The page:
Porterhouse Steak Recipe

Pan-seared porterhouse steak prepared with homemade horseradish sauce, chimichurri sauce, and au poivre sauce.

The infamous porterhouse steak is the king of all things beef. The porterhouse steak is a large cut of beef that contains both the New York strip (sirloin) and filet mignon cut (tenderloin), separated by a T bone. It’s the best of both worlds and the ultimate steak for sharing.

Porterhouse Steak Recipe

I’ve paired this delicious cut with three simple homemade dipping sauces. Chimichurri, horseradish sauce, and au poivre. All three sauces offer different textures and flavors that are equally delicious in their own right. It’s the perfect sampler that gives you the best of 3 worlds.

While the sauces may look like a lot of ingredients and extra prep, they come together very quickly and 2 of 3 can be made in advance. Don’t skip! It’s the best part.

Porterhouse Steak Recipe

Tips For Picking Out Porterhouse Steak

This recipe is best suited for a 32-ounce porterhouse that is roughly 1.5-2 inches thick. This is going to give you ample beef and is also a sure sign you have a true porterhouse steak. Don’t fall victim to a T-bone trying to pass as a porterhouse.

Look for a well-balanced cut that contains the whole tenderloin portion of the steak. This is very important. The tenderloin is the smaller, more circular portion of the steak, and of course the most expensive and flavorful. It should appear plump and oval-shaped with no large portions removed from it. The left and right sides should look reasonably uniform from the top to about 3/4 from the bottom.

What to Serve with Steak

You can never go wrong with steak and potatoes. Pair this porterhouse steak with my parmesan roasted fingerling potatoes or my garlic butter roasted red potatoes. If you’re looking for ultra-crispy potatoes, try my pesto smashed potatoes! If you prefer mashed potatoes, try my rich and delicious cream cheese mashed potatoes.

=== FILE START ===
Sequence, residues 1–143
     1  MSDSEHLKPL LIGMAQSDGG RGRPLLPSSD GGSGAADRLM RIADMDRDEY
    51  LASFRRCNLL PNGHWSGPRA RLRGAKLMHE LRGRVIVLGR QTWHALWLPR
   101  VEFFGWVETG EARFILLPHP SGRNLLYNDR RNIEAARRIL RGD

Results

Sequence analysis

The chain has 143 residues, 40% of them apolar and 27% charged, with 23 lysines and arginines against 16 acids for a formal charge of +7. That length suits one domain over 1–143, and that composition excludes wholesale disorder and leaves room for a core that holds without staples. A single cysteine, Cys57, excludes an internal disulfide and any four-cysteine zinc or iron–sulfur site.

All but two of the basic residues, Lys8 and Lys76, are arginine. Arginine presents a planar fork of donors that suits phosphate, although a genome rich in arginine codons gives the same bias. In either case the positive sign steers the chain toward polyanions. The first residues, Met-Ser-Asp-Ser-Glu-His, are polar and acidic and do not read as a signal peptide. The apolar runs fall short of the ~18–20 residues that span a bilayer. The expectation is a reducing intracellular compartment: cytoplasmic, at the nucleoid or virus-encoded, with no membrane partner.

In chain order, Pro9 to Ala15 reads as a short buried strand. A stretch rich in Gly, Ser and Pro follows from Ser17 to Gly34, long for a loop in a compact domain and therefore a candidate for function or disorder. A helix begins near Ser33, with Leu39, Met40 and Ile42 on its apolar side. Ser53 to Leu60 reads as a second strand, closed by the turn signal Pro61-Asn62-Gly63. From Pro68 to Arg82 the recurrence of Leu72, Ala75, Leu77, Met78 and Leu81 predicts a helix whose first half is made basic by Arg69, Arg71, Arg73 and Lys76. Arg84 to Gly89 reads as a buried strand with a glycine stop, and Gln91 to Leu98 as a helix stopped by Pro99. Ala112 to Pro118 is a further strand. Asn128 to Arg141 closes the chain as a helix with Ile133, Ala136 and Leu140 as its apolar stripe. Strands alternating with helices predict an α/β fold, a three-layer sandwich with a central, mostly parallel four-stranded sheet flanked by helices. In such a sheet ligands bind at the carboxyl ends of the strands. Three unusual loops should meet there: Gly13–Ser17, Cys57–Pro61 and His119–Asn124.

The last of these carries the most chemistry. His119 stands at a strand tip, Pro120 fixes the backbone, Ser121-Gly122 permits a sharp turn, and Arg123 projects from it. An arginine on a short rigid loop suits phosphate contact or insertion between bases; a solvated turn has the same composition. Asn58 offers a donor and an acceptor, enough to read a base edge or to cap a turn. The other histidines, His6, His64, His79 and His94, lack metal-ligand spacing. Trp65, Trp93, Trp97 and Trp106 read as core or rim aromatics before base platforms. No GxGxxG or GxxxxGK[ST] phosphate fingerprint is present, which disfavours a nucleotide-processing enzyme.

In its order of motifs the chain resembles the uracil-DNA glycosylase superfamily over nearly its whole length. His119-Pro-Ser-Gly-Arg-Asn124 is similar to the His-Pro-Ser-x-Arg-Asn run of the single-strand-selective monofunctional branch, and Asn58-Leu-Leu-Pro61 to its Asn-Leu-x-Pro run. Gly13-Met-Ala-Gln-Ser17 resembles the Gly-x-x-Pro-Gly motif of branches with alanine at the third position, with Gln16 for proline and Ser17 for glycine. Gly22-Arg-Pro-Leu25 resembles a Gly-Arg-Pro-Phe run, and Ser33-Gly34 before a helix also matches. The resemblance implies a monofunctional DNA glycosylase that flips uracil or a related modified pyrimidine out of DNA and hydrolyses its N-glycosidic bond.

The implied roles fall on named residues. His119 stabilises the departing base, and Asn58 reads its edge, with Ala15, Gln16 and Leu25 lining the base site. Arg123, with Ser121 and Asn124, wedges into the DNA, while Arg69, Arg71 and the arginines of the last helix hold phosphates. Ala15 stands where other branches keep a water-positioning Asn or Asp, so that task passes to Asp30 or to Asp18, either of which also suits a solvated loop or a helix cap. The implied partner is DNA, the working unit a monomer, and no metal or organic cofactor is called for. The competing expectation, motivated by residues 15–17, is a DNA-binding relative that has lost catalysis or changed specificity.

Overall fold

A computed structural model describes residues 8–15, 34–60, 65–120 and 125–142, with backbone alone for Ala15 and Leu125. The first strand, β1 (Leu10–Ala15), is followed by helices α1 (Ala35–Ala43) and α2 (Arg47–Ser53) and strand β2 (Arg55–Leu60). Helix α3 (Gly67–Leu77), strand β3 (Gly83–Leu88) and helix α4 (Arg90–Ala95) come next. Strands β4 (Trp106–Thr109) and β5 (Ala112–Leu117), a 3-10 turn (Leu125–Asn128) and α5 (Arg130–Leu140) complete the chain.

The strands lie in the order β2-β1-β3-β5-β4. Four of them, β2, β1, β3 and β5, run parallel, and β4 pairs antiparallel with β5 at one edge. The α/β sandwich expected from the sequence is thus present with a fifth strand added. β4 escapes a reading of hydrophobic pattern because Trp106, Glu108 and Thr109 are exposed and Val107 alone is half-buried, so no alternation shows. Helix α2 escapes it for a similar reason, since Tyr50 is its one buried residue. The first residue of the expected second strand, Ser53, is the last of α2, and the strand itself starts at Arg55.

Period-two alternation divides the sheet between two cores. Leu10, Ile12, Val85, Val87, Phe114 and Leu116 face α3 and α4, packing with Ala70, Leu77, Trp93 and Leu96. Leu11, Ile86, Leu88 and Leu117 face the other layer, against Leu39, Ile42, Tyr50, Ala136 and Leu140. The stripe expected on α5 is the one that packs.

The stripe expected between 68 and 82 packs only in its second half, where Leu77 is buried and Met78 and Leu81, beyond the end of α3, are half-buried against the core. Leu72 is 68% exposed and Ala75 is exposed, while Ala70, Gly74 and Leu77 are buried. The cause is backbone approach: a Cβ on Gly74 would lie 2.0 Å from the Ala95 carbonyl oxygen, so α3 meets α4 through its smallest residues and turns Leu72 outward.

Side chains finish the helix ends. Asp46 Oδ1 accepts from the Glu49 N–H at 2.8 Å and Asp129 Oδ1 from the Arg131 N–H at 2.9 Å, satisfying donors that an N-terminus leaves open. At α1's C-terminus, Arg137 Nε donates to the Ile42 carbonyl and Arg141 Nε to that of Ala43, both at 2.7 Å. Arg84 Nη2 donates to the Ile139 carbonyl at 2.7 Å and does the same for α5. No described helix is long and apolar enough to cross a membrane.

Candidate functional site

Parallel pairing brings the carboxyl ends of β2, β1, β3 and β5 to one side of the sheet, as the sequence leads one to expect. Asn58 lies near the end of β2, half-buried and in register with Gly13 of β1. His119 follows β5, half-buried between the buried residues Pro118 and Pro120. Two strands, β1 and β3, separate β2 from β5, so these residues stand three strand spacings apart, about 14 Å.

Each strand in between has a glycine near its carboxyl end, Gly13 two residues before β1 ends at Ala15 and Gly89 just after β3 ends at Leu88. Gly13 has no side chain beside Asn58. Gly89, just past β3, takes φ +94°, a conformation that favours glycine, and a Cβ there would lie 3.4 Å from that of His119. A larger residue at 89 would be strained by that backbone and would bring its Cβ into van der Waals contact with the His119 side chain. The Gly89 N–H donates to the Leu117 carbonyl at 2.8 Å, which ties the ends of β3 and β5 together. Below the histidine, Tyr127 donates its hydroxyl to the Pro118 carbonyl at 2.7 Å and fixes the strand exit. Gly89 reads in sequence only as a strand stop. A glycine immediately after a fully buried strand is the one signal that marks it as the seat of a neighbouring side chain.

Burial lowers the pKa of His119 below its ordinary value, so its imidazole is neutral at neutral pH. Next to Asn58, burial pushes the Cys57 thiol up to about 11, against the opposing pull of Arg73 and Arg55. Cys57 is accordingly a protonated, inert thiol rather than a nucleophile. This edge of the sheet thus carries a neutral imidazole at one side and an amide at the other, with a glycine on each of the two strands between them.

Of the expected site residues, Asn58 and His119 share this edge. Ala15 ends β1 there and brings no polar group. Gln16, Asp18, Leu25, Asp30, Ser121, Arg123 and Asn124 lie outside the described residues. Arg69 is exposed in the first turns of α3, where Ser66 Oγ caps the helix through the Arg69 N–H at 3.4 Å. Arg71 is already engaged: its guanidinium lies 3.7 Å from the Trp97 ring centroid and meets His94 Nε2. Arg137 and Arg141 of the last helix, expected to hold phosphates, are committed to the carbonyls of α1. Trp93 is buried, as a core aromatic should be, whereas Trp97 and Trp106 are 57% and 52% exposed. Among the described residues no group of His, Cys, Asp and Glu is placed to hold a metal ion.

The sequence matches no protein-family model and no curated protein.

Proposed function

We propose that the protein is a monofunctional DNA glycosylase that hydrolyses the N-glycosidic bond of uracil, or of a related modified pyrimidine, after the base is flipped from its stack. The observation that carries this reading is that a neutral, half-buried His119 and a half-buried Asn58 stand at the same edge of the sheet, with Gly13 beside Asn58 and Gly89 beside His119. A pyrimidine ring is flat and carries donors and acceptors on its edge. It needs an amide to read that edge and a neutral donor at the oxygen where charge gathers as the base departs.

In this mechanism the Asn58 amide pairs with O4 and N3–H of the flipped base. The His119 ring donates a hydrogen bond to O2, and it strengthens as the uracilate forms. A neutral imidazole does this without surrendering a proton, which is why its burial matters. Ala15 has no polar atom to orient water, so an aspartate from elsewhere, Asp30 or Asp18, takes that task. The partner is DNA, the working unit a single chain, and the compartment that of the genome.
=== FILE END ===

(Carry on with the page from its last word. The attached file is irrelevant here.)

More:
Lastly, my favorite veggie of choice will always be my roasted bacon and parmesan Brussels sprouts.

Perfect Steak Every Time

The secret to perfect steak is combining pan searing with an oven finish. This gives you a nicely seared outside with a juicy tender inside. Sear the porterhouse on the stovetop in a cast iron skillet on high heat with oil and then immediately transfer to a preheated oven at 415°F.

I typically sear for 2 minutes per side and bake for 5-6 minutes for medium-rare. That’s the beauty of cast iron, you can easily transfer from stovetop to oven. This is the best way to cook a porterhouse steak.

Carefully timing your cook time for steak always yields consistent results. It may sound like overkill, but I use my phone to time each side on the skillet and then in the oven. If you really adhere to cooking times I promise you will never overcook a steak again.

Temperature For Steak

The timing/temperature chart below corresponds to the pan sear/oven method in this recipe. It’s a great guide assuming you choose a porterhouse of similar size and thickness as listed in the recipe. I recommend a digital thermometer to verify your desired level of doneness.

DonenessTemperature RangeOven Duration
Very Rare/rare120°F to 125°F 4 minutes
Medium rare125°F to 130°F5-6 minutes
Medium135°F to 140°F6-7 minutes
Medium well145°F to 150°F8-9 minutes
Well done160°F and above10+ minutes

SMOKE WARNING: Cooking steaks at high temps in a skillet tends to get smokey. Open a kitchen window and turn on your kitchen’s overhead vent fan before you start to help with ventilation.

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Porterhouse Steak Recipe
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Porterhouse Steak Recipe

  • Author: Shawn Williams